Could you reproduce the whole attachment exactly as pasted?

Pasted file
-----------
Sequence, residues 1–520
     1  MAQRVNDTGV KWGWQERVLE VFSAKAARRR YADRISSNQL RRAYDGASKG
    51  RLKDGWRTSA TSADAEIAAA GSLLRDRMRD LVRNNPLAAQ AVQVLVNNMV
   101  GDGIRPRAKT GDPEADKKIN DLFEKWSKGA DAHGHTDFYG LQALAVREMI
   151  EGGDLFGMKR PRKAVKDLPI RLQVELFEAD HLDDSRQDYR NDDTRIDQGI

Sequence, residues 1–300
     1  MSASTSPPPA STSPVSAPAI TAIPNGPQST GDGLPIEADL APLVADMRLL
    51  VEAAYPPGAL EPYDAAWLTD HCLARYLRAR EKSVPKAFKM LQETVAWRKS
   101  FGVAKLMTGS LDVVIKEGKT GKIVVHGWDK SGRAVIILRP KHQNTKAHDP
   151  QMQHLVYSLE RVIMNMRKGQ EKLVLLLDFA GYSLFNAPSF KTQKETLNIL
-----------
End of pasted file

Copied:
Sequence, residues 1–520
     1  MAQRVNDTGV KWGWQERVLE VFSAKAARRR YADRISSNQL RRAYDGASKG
    51  RLKDGWRTSA TSADAEIAAA GSLLRDRMRD LVRNNPLAAQ AVQVLVNNMV
   101  GDGIRPRAKT GDPEADKKIN DLFEKWSKGA DAHGHTDFYG LQALAVREMI
   151  EGGDLFGMKR PRKAVKDLPI RLQVELFEAD HLDDSRQDYR NDDTRIDQGI

Sequence, residues 1–300
     1  MSASTSPPPA STSPVSAPAI TAIPNGPQST GDGLPIEADL APLVADMRLL
    51  VEAAYPPGAL EPYDAAWLTD HCLARYLRAR EKSVPKAFKM LQETVAWRKS
   101  FGVAKLMTGS LDVVIKEGKT GKIVVHGWDK SGRAVIILRP KHQNTKAHDP
   151  QMQHLVYSLE RVIMNMRKGQ EKLVLLLDFA GYSLFNAPSF KTQKETLNIL